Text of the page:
It is well known that the Einstein tensor is trivially 0 in any two dimensions spacetime: \begin{equation}\tag{1} G_{\mu \nu}^{(2)} \equiv 0. \end{equation} Thus, it is not possible to formulate the Einstein equation when the spacetime dimension is $D = 2$ and introduce the cosmological constant in the usual way: \begin{equation}\tag{2} G_{\mu \nu}^{(D)} + \Lambda_D \, g_{\mu \nu}^{(D)} = -\, 8 \pi G_D \, T_{\mu \nu}^{(D)}. \end{equation} This equation imposes $\Lambda_2 = 0$ and $G_2 = 0$ when $D = 2$.

So is there a way to introduce a non-trivial cosmological constant in 2 dimensional spacetimes? Is $\Lambda_2 \equiv 0$ really an unique necessity?


1 Answer 1


One thing to note first is that pure gravity (i.e. $\Lambda = 0$) is a topological theory. What this means is that on any manifold, the Einstein action $S_E = \int d^2 x \sqrt{|g|} R$ only depends on quantities on the boundary. In fact, due to the Gauss-Bonnet theorem, if your manifold is compact and has no boundary, then

\begin{equation} \tag{1} \int d^2 x \sqrt{|g|} R = n \in \mathbb{Z} \end{equation}

where $n = 2 - 2 g$ is the Euler characteristic of a genus g surface, and is an integer which is importantly independent of the metric's specific values. This manifests itself in the fact that in the equations motion for the $R$ term vanish identically, i.e. that (exercise)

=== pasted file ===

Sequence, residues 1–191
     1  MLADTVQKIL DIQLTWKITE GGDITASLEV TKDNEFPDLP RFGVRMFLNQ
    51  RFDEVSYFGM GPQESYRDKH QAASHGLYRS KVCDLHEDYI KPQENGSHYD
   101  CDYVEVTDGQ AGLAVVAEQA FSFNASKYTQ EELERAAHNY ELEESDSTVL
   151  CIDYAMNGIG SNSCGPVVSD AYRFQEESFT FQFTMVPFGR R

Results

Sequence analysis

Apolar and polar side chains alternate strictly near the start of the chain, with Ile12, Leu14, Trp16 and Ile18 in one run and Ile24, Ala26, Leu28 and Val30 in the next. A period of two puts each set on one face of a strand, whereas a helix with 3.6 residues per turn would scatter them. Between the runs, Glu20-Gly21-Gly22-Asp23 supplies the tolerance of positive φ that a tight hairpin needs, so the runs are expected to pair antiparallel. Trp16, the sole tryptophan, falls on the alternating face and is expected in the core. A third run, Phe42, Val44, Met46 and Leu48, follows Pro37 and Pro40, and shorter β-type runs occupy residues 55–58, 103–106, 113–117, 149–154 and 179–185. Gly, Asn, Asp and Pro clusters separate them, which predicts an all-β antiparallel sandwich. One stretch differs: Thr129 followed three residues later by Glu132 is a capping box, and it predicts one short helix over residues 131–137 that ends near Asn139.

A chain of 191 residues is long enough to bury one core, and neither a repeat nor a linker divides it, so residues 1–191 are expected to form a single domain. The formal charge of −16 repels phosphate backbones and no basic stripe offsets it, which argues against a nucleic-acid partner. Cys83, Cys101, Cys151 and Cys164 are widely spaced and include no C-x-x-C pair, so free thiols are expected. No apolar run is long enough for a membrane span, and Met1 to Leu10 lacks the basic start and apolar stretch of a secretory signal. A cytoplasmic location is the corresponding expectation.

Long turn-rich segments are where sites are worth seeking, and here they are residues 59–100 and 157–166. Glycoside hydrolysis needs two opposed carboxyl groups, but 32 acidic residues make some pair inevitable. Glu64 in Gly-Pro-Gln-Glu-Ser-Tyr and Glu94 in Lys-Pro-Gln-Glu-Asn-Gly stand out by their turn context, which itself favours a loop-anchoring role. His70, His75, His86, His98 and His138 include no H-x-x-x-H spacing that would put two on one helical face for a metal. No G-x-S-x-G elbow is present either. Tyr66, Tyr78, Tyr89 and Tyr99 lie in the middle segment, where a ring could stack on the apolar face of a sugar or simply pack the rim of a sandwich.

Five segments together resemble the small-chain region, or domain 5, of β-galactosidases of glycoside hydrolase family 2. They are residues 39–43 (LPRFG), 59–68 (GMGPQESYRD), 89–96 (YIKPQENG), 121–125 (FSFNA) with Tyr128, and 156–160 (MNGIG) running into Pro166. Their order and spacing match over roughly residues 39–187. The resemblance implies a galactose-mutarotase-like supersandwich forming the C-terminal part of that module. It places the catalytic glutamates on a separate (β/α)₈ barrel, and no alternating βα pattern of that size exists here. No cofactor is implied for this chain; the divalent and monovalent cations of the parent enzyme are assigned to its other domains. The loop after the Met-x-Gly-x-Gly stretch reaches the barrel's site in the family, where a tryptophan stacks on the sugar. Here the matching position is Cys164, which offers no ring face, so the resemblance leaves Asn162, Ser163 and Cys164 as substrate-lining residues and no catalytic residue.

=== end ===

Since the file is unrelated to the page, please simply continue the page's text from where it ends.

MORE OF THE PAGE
\begin{equation} \tag{2} \frac{\delta \sqrt{|g|} R}{\delta g^{\mu\nu}} = 0 \end{equation}

So to compute the equations of motion for the cosmological constant, you get

\begin{equation}\tag{3} \end{equation} \begin{split} & \frac{\delta \Lambda \sqrt{|g|}}{\delta g^{\mu\nu}} \\ &= \Lambda \frac{\delta \sqrt{|g|}}{\delta g^{\mu\nu}} \\ &= -\Lambda \frac{1}{2} g_{\mu \nu} \sqrt{-g} = 0 \end{split}

so the equations of motion are $g_{\mu\nu} = 0$ identically everywhere.

It is worth mentioning that most places where people talk about gravity in 2D is 2D dilaton gravity, where the gravitational field is coupled to an additional scalar $\phi$ with an action looking like

\begin{equation} \tag{4} S_E = \int d^2x e^{\phi}(R + \Lambda + (\partial \phi)^2 ) \end{equation}

These types of actions have relevance to string theory, and in more recent developments, they are thought to arise as low energy theories of a quantum mechanical model known as the SYK model.

  • $\begingroup$ I think there's a missing $\Lambda$ in your equation, in the middle, which should imply $\Lambda = 0$ and not $g_{\mu \nu} = 0$. Also, please, consider adding a number to your main equations, using the command \tag{number} $\endgroup$
    – Cham
    Commented Aug 14, 2019 at 2:45
  • $\begingroup$ Thanks, fixed it. But Lambda is a constant that you stick in by hand, not a dynamical field. So it would mean that $g_{\mu\nu}=0$ (assuming that $\sqrt{g} \neq 0$) $\endgroup$
    – Joe
    Commented Aug 14, 2019 at 2:47

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